Best Social Services Jobs
After speaking with professionals in the social service industry, U.S. News found a reoccurring theme: Many view their job as a calling rather than a choice. From social workers to school counselors, those in the business of helping individuals find that each day presents a new opportunity to alter someone's life for the better. Others in the industry find different ways to enrich society, like the bus driver who ensures children arrive at school on time to the security guard who maintains safety at the nearby office building. All 30 of our Best Social Services Jobs share another virtue: They should match the healthcare industry in hiring opportunity for this decade. Read more on how we rank the best jobs.
As a school psychologist, you'll wear a variety of hats, including counselor, administrator, and researcher. Occasionally, you might even dabble in social outreach. Schools aiming to properly address the learning and emotional needs of students will be on the hunt for school psychologists. The Labor Department projects a nearly 22 percent uptick in the occupation by 2020.
While interpreters utilize hand gestures and various forms of language to practice their craft, translators rely on the power of the pen. A rise in global interaction, military needs, and innovative technology has the Labor Department predicting more than 42 percent employment growth in this profession over the coming decade.
In this occupation, you can be a guiding light for individuals wanting to shelve an addictive, destructive lifestyle for one of normalcy. According to the Labor Department, the field will add 23,400 new positions by 2020, the result of a justice system increasingly turning toward treatment-oriented sentences rather than jail time.
Sometimes called speech therapists, these professionals assess and diagnose people with disorders related to verbal communication. They often work with social workers, doctors, and teachers to improve a patient's speech.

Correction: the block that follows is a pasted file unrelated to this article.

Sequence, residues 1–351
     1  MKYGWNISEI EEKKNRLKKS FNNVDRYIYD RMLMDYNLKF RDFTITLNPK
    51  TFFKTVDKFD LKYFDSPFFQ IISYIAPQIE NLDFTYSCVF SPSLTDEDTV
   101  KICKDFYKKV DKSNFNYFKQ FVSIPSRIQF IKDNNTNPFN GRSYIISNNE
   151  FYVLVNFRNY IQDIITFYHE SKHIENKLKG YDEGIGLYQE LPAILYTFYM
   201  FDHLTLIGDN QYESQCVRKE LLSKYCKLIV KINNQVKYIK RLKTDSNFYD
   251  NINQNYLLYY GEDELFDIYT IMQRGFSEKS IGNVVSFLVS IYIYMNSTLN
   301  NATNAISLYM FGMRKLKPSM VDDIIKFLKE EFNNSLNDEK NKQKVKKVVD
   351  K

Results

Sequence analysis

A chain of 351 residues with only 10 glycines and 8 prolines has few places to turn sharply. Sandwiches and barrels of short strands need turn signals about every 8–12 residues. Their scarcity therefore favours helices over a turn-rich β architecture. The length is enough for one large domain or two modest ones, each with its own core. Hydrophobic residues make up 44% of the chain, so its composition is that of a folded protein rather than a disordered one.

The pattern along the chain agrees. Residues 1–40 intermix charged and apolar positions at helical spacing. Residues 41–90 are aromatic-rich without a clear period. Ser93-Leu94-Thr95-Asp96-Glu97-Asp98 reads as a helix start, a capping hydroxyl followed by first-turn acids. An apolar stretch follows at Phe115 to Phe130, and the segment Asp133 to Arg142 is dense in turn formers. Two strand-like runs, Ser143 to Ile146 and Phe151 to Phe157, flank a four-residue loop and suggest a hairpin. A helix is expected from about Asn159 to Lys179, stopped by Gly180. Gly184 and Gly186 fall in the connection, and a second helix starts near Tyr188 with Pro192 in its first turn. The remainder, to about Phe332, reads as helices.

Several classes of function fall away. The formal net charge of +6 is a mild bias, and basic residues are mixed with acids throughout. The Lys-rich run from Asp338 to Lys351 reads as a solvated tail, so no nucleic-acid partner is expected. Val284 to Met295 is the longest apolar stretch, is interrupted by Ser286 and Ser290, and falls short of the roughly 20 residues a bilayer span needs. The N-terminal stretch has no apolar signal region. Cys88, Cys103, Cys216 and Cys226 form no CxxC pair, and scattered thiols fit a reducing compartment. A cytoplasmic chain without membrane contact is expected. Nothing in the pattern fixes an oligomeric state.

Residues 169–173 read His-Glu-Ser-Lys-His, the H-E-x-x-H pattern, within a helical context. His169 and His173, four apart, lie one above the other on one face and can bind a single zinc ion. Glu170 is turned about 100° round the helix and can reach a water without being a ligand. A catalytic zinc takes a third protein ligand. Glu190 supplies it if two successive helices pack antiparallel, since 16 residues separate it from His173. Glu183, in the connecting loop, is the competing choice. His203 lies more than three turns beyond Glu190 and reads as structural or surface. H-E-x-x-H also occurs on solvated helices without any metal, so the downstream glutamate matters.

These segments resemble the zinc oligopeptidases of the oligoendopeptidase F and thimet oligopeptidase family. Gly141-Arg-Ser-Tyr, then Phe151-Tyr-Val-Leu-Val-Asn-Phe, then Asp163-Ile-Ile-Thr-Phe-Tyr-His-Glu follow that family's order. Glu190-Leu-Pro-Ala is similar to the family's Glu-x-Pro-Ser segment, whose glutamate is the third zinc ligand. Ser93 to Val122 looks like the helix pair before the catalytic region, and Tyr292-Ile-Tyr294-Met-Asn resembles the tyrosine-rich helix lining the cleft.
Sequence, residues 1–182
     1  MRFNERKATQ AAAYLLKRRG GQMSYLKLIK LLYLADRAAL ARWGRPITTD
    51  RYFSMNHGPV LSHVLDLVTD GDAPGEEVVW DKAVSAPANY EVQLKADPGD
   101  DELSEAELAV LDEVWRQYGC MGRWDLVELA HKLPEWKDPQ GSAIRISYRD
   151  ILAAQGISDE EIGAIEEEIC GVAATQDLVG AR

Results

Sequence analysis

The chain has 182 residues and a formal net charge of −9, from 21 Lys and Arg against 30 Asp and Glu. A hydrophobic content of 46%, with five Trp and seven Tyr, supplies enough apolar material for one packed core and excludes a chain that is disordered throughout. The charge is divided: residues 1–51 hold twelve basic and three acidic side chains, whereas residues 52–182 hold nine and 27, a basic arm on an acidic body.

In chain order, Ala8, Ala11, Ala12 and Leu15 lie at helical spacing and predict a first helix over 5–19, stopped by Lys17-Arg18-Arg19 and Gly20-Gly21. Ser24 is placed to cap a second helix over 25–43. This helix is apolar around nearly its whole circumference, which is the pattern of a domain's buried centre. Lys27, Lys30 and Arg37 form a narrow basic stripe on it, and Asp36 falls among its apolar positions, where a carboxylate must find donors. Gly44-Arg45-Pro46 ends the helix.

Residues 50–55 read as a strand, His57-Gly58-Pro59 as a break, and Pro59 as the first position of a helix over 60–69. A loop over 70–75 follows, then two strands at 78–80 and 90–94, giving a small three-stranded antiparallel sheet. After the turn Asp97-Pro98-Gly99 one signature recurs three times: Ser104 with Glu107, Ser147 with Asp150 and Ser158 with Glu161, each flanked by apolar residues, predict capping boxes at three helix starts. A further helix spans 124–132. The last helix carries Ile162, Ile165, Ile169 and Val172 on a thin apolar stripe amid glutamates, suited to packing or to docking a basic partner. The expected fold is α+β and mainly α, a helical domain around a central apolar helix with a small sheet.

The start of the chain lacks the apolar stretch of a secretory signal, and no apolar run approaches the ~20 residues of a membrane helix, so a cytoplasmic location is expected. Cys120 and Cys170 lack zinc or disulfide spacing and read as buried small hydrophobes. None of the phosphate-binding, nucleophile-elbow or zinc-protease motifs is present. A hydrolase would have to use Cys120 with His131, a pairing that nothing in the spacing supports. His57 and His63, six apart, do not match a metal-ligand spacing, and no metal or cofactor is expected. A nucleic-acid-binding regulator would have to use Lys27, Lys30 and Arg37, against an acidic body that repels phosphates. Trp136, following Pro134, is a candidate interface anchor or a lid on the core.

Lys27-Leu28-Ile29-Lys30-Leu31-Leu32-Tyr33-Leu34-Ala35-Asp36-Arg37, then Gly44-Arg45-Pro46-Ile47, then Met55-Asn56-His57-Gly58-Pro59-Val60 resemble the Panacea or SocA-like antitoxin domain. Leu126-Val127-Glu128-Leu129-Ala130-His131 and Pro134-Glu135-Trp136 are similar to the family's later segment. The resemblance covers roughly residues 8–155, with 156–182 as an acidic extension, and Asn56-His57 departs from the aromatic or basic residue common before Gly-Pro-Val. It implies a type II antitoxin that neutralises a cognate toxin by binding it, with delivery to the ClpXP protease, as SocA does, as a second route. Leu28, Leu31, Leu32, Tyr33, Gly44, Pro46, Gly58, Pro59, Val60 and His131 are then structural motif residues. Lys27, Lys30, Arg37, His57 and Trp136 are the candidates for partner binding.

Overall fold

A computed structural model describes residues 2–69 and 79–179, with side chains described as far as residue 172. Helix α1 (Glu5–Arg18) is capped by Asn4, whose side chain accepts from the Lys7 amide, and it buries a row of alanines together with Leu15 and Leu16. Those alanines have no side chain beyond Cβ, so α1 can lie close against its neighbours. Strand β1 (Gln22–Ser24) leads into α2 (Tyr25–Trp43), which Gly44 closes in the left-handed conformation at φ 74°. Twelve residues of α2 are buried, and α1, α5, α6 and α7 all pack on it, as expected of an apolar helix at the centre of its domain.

Having a hard time telling the difference between a landscaper and a groundskeeper? Landscapers plant trees, shrubs, and flowers, fertilize plants, and construct outdoor walkways, patios, and fences to surround their handywork. Groundskeepers might also garden and plant, paint fences, clean swimming pools, shovel snow, and handle refuse removal.
Marriage and family therapists face a tall order: play middleman between two people with a marriage on the rocks and take on the role of peacemaker. The Labor Department projects a 41.2 percent spike in the profession over the coming decade.
Consider this: Twenty-five of our U.S. presidents have been lawyers. So it almost goes without saying that working in law holds a particular draw for us Americans. There will be the need for about 73,600 more professionals with juris doctor degrees by the year 2020.
Like many professionals, high school teachers encounter several challenges in their line of work. But they also face numerous rewards when educating and advising teenagers. The Labor Department predicts that there will be 71,900 new high-school teaching positions to fill by 2020.
You might think of them as handymen, jacks-of-all-trades, or Mr.—and even Mrs.—Fix-Its. But one in the field refers to maintenance workers as "doctors for the home." And the Labor Department predicts we'll need more than 140,000 new ones by 2020.
The duties for recreation and fitness workers vary; you could lead a spinning class or run a summer camp, for example. But almost all of them have flexible schedules and their job satisfaction is high.